News & Press: NZVA media release

NZ veterinarians welcome Trade Me ban on dog breeds

Tuesday, 16 January 2018  
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The New Zealand Veterinary Association welcomes the decision by Trade Me not to list pugs, French bulldogs and British bulldogs for sale on its website.

Chief Executive Office Mark Ward says the demand for French bulldogs, pugs and English bulldogs has pushed prices up for puppies and unscrupulous breeders have flourished to supply this demand. By selling online, rather than meeting purchasers face to face, these breeders have not been subjected to having the parents or their facilities inspected by puppy buyers.

"The veterinary profession has long held concerns for many breeds of cats and dogs whose welfare is compromised from being bred to look a certain way. The rise in popularity of English bulldogs, French bulldogs and pugs has seen a marked increase in dogs presenting to veterinarians with serious health issues from airway disease and eye problems. High proportions of English bulldogs, French bulldogs and pugs require correctional surgery to provide them with the simple ability to breathe without difficulty and blink without pain," says NZVA Chief Executive Officer Mark Ward.

"Without correctional surgery, large numbers of these dogs live with chronic pain and distress, with many owners and breeders unaware that their dog is suffering."

"In addition, almost all of these dogs are no longer capable of mating or giving birth naturally. This means each litter requires the mother undertake a risky Caesarean section to produce puppies for sale".

It is hoped that by Trade Me making this stand, puppy buyers will take the opportunity to make an informed choice before choosing a pet. Veterinarians are committed to improving animal welfare and understand the importance of having a dog that is a good fit for a family.

Veterinarians welcome clients contacting them to have pre-puppy selection discussions before the life-long commitment of owning a dog is undertaken.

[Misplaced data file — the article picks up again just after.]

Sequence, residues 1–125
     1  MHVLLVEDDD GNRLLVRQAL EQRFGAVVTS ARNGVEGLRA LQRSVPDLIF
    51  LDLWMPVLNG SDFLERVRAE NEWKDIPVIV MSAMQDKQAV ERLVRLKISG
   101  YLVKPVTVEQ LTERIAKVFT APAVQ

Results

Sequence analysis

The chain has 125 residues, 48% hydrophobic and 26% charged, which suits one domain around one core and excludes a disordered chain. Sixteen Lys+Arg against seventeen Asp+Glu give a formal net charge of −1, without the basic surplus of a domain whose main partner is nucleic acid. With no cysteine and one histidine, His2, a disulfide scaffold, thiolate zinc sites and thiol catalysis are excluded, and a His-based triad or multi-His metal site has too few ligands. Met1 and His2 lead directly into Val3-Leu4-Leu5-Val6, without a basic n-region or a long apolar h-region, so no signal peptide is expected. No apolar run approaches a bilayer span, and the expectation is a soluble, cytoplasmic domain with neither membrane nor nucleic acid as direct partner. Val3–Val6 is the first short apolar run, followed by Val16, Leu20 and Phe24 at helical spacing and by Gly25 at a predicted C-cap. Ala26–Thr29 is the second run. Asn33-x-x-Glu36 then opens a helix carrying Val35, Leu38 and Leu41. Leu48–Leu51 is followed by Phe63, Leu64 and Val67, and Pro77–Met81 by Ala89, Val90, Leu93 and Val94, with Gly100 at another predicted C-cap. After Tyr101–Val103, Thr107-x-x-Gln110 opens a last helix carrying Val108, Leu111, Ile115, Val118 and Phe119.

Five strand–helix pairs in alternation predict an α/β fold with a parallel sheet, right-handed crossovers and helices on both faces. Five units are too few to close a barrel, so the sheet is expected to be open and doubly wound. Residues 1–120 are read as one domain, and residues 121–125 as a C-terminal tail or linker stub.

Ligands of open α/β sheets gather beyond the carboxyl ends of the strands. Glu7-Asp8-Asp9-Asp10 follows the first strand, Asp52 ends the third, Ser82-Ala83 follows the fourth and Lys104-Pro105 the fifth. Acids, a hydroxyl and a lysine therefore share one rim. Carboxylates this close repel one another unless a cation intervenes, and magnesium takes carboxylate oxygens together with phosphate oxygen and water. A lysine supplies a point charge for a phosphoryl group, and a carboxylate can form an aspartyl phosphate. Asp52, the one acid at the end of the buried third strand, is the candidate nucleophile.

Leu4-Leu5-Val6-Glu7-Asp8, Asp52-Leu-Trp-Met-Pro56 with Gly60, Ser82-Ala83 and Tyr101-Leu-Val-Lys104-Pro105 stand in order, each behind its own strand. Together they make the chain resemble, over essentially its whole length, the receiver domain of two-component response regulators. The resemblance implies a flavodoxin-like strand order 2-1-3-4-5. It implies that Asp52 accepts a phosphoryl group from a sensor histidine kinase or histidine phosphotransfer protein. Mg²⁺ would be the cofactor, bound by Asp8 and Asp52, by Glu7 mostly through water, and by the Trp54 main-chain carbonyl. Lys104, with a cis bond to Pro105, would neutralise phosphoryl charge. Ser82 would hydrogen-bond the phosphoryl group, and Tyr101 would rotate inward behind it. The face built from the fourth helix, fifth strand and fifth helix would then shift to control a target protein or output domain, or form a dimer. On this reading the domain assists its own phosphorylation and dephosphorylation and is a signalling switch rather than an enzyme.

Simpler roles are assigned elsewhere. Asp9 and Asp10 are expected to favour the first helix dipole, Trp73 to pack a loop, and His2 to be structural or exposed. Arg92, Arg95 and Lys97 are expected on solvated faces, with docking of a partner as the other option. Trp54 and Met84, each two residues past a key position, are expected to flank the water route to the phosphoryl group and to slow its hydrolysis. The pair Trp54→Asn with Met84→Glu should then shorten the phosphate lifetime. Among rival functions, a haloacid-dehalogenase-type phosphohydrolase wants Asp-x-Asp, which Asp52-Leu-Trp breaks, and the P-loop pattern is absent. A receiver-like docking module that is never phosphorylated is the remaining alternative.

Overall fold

Additional information:

An ethical puppy-buyer’s guide from the New Zealand Veterinary Association

In the same way that ethics are guiding purchases for food and clothing, the NZVA suggests that prospective owners also consider ethical issues when obtaining a pet dog.

Adopt don’t buy

Large numbers of healthy puppies and dogs need homes. Consider adopting a rescue dog and save a life.

Don’t support puppy farms

Never buy from puppy farms - even if you feel sorry for the dog. More puppies will be bred to replace the dog you buy. It’s a vicious cycle.

Visit the breeder

Visit the breeding facility and see the environment where the puppy is being raised. It should be comfortable and clean. The puppy should also be able to mix with people and other animals.

Meet the parents

Request the health history of the puppy’s parents and ask to meet them. Be wary if the parents have needed surgery to enable them to breathe comfortably, correct eyelid issues or walk normally. Avoid buying puppies produced from mating closely related dogs. Consider also their temperaments and avoid those that are aggressive or overly nervous.

Don’t support breeders who produce puppies with severely exaggerated features


If buying a breed that has exaggerated features (flat face, large eyes, excessive skin, short legs, long ears), choose a breeder who is actively breeding away from extreme features.

Support breeders who screen the parents for inherited diseases


It is not enough for a breeder to just take part in a health scheme, they must also use the results to access the suitability of mating the dogs. Discuss the test results with your veterinarian before you buy the puppy.

Check how many litter the mother has produced


Three litters from one mother allows breeders to produce a suitable daughter to continue the breed line and reduces the welfare impacts on individual breeding female dogs. Breeders who have bred more than three litters from one female dog should raise concerns.

Check how old the mother was when mated


The risks of pregnancy complications are related to the age of the female dog. Breeding female dogs should ideally be between one and six years of age when they are mated.

Check if a caesarean section was required


Don’t support breeders who subject their bitches to multiple caesarean sections. Up to two are acceptable.

Ensure that the puppy’s health has been well managed

The puppies should be in good body condition, on a regular parasite control programme, have had a vet check and received any vaccinations that are required.

Check the puppy will be over eight weeks of age when they are released to new owners

Puppies must be weaned and fully self-sufficient and at least eight weeks old before they are released to their new owners. Ten weeks is preferred for smaller breed puppies.

Ensure that the puppy’s behavioural needs have been met


To smooth the transition to their new homes, puppies should be able to mix with people and other animals from three weeks of age.

Select a breeder who will provide support and follow-up care

A responsible breeder will also be knowledgeable about the breed and the care of new puppies. They will be keen to provide follow-up support.